Diy Kitchen Renovations: Removing Old Countertops And Installing New Countertops
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Diy Kitchen Renovations: Removing Old Countertops And Installing New Countertops

One of the most cost effective ways to renovate your home is to "do-it-yourself." From sanding and painting to digging and planting, there are many projects that a determined homeowner can accomplish. There are some jobs, however, that are better left to the professionals. These jobs are too heavy, too labor intensive or require specialized tools and skills.


Case in point: Installing new granite countertops. The weight of the granite alone is enough to send anyone running to a phone to call for professional help. If you have new countertops on the way complete with the manpower do get it done, you are probably thinking you get the day off. But don’t lay down your tools just yet. There is a way to cut costs on this otherwise costly project—by doing the demo work yourself. Some contractors charge as much as $550 to remove the old countertops, a relatively easy job that even the most inexperienced handyman can handle.


First, remove all the drawers from your cabinets. This makes it much easier to gain access to your work area. You will also need to remove the contents of your cabinets so you can get underneath to work. Fortunately, these are things you will need to do before your new counters are installed anyway, so you are already ahead of the game.


It will also be necessary to remove your old sink. To do this, simply detach the plumbing from the drains and faucet (donÂ’t forget to turn the water supply off), and remove the fasteners from the underside of the sink. There will be some sealant around the edge of the sink, but it should easily lift from the countertop.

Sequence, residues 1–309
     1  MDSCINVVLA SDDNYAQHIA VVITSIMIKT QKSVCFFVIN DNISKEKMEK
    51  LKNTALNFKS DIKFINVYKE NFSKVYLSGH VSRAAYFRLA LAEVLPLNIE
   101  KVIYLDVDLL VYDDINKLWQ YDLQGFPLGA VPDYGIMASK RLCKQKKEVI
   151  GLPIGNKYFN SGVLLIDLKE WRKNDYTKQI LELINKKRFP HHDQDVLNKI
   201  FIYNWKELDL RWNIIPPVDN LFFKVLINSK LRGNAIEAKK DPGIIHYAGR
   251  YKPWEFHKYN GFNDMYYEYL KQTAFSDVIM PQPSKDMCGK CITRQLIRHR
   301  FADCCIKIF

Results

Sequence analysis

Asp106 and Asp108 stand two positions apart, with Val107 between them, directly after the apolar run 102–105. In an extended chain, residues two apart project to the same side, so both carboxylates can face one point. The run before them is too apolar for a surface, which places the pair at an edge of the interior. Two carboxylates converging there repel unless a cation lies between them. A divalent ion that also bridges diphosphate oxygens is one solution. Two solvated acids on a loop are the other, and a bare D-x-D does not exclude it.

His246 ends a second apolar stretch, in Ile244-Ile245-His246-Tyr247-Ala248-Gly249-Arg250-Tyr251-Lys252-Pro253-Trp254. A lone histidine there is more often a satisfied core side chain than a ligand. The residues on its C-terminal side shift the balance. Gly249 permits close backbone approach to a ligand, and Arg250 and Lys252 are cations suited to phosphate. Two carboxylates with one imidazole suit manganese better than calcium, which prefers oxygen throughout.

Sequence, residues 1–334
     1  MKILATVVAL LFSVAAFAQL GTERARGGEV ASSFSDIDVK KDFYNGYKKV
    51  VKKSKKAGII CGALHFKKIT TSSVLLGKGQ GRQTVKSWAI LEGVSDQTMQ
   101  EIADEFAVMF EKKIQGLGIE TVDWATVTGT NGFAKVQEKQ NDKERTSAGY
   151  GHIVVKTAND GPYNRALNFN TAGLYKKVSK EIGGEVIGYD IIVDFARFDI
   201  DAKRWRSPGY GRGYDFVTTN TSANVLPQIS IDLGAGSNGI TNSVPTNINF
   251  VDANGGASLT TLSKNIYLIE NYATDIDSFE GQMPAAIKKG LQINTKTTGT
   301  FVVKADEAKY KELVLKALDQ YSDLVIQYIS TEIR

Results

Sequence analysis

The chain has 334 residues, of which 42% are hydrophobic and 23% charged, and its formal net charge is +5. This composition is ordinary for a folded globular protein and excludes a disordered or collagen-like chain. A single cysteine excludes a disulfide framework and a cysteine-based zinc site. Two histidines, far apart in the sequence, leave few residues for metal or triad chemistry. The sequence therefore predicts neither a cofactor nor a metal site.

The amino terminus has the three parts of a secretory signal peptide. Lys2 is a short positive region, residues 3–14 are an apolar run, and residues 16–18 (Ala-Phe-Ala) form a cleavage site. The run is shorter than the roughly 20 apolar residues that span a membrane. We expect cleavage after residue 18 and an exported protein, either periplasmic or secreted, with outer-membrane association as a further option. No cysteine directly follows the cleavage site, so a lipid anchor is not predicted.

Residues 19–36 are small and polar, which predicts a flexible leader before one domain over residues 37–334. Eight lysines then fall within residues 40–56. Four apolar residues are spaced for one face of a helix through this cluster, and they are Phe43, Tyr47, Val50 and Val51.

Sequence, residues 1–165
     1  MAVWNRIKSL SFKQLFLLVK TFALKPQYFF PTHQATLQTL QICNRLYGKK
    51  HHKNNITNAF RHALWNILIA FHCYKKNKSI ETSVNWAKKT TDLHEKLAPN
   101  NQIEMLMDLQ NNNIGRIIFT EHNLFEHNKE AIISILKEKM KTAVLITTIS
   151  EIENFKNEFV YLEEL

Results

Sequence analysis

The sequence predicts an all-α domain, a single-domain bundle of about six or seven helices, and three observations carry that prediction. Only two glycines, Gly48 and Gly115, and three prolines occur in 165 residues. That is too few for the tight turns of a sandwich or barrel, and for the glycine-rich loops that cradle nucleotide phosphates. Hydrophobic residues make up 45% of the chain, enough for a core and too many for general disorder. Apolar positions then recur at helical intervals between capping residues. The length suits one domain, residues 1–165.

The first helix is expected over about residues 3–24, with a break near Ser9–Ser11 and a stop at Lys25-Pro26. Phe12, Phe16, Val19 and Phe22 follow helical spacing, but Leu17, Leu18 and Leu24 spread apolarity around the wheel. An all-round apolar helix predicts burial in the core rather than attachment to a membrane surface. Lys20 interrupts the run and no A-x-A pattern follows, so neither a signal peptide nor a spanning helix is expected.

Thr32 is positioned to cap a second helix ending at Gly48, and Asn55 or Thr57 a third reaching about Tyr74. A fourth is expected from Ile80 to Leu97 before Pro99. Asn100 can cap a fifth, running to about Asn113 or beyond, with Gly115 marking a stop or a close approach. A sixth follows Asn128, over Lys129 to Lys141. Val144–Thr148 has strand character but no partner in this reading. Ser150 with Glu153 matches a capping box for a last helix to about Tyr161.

If you look at your existing laminate countertops, you will see that they are in sections. Each section is attached to the cabinet base by screws drilled through the underside of the countertop. The next step to removing the old countertops is removing all these screws. This requires getting down on the floor and inside the cabinets at all kinds of uncomfortable angles. Luckily, a power screwdriver can speed this process along (although a manual screwdriver may still be needed for those hard to get to angles).


Next, remove the sealant from the edge of the backsplash. You can use a putty knife or screwdriver to do this. Be careful to remove as much as you can from any surface that you plan to save, so that when you pull off the counters, it doesnÂ’t damage the wall.


Before you try to remove the countertops, make sure you have removed any outlet covers that may be attached to your backsplash. Also, keep in mind that there may be some glue adhering the backsplash to the wall, requiring a little more elbow grease to remove.


Finally, you are ready to take the old counters off. Have someone assist you with the lifting and removal. If you have trouble getting a section off, double check that all your screws have been removed. If the backsplash adhesive is giving you trouble, try sliding a putty knife behind the backsplash to break the bond.


Now your old counters are gone, your kitchen is ready for the new ones, and you saved yourself a little money. Now, all thatÂ’s left to do is watch the professionals get to work.

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Comments (1)
Kitchen Renovations Toronto

Good article! Agreed, there are some things that can easily be a do-it-yourself project but some jobs are better left to a pro because just the smallest oversight or lack of knowledge can ultimately cause a big mess, cost you more money, and leave you frustrated.

A professional can help you develop your ideas, suggest things you didn't even think about, and implement the project perfectly.

Good tips in your article covering the details..sometimes people forget, don't realize or choose to try to skip past certain small details to speed up the project and those little details can end up being costly or leave you with extra work in the end. Thanks for sharing!

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